Ancient Monuments

History on the Ground

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Hazel Grove Camp (South)

A Scheduled Monument in Spittal, Pembrokeshire (Sir Benfro)

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Latitude: 51.8726 / 51°52'21"N

Longitude: -4.9582 / 4°57'29"W

OS Eastings: 196453

OS Northings: 223469

OS Grid: SM964234

Mapcode National: GBR CL.S8T9

Mapcode Global: VH1R7.06NB

Entry Name: Hazel Grove Camp (South)

Scheduled Date: 8 July 1951

Source: Cadw

Source ID: 336

Cadw Legacy ID: PE252

Schedule Class: Monument

Category: Enclosure

Period: Prehistoric

County: Pembrokeshire (Sir Benfro)

Community: Spittal

Traditional County: Pembrokeshire


The monument comprises the remains of an earthwork/stone-built enclosure. The date or precise nature of the enclosure is unknown, but it is likely to be later prehistoric or medieval. Hazel Grove Camp South is located on a spur of land with steep slopes to valley floors 30m below on the south and west sides. It defended on the north and east sides by a curving bank 1.3m - 1.8m above the interior and 3.2m above a 2m deep counterscarped ditch. This rampart in a reduced form runs along the crest of the steep slope on the south side of the site whilst the steep slope which protects the site on the west side has been enhanced by an unfinished railway cutting abandoned in 1851. There is a simple entrance on the northeast side where the rampart stops short of the steep valley side. A curving low bank divides the interior in two. It is unclear whether this is an earlier line of defence or not.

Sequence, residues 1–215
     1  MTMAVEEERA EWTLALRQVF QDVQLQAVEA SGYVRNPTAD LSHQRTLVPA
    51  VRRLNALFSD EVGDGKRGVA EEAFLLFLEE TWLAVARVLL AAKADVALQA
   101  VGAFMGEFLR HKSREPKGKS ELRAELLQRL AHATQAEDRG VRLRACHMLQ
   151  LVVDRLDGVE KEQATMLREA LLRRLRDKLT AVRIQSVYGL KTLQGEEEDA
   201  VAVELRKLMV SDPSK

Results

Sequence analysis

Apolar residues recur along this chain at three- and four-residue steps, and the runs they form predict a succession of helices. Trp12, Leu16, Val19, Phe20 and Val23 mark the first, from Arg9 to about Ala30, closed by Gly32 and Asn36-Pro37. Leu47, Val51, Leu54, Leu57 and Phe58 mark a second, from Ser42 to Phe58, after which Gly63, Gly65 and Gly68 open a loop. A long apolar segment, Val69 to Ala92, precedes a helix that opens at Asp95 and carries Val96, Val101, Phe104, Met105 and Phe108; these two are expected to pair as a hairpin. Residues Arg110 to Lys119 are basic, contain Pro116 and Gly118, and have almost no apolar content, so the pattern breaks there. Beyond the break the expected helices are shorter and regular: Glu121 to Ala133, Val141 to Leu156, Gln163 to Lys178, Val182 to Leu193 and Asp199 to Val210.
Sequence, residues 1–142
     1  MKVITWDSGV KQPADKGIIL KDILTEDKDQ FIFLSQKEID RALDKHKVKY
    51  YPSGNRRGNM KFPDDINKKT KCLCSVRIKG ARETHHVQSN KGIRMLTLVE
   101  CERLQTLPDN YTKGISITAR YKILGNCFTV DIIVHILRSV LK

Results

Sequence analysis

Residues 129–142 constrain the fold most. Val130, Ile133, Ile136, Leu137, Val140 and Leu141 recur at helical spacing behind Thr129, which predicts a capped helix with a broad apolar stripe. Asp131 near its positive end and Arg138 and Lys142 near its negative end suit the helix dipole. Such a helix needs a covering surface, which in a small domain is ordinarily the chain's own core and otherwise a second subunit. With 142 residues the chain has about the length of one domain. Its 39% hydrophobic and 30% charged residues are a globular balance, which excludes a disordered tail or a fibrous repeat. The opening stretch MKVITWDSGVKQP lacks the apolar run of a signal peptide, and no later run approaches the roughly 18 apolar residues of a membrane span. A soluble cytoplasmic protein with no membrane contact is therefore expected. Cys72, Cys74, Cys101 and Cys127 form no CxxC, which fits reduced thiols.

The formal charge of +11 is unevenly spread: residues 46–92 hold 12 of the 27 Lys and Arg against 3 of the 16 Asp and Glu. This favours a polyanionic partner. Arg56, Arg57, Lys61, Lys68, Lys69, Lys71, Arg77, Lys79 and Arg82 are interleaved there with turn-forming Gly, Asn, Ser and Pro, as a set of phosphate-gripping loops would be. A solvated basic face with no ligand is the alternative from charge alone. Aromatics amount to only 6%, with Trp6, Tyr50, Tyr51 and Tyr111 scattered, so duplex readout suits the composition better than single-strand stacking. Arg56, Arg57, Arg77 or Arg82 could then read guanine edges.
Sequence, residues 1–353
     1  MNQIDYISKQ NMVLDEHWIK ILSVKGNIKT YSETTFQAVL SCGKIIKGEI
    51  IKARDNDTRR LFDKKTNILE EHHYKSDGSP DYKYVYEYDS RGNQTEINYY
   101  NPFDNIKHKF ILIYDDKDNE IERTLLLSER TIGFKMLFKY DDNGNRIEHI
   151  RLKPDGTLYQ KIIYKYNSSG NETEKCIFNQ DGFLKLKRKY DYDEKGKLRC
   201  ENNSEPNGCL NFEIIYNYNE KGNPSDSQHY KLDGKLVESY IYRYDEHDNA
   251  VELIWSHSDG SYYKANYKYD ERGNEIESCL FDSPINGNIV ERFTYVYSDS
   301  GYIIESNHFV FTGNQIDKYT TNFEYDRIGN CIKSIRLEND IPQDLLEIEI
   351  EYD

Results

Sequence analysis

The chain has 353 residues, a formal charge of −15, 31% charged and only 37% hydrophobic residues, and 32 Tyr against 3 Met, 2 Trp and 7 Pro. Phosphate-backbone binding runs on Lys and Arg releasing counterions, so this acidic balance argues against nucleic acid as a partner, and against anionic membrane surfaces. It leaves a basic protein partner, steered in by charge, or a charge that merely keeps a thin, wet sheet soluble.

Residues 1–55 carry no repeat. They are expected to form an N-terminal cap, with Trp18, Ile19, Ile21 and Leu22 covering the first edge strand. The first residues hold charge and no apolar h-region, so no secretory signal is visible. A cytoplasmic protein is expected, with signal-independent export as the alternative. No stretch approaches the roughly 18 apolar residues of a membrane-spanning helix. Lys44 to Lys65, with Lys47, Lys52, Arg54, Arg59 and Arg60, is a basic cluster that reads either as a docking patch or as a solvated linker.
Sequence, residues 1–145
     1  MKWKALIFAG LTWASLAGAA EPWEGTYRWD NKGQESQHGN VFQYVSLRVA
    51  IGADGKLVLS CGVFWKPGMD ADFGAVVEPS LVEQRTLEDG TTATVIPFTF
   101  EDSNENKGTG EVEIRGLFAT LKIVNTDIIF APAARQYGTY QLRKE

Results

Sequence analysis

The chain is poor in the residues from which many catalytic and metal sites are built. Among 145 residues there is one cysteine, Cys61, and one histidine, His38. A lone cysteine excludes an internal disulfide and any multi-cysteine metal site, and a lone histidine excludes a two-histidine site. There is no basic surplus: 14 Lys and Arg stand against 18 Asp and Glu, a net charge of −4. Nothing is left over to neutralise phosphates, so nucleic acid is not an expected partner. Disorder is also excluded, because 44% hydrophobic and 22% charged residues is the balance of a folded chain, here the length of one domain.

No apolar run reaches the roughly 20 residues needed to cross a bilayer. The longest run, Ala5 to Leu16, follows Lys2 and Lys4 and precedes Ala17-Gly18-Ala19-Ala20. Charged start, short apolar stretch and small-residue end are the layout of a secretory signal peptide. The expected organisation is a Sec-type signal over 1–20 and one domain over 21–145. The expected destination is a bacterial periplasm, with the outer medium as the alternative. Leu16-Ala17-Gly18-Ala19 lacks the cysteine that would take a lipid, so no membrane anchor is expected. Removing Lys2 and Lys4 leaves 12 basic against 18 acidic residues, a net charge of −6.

The monument is of national importance for its potential to enhance our knowledge of later prehistoric defensive organisation and settlement. The site forms an important element within the wider later prehistoric context and within the surrounding landscape. The site is well preserved and retains considerable archaeological potential. There is a strong probability of the presence of evidence relating to chronology, building techniques and functional detail.

The scheduled area comprises the remains described and areas around them within which related evidence may be expected to survive.

Source: Cadw

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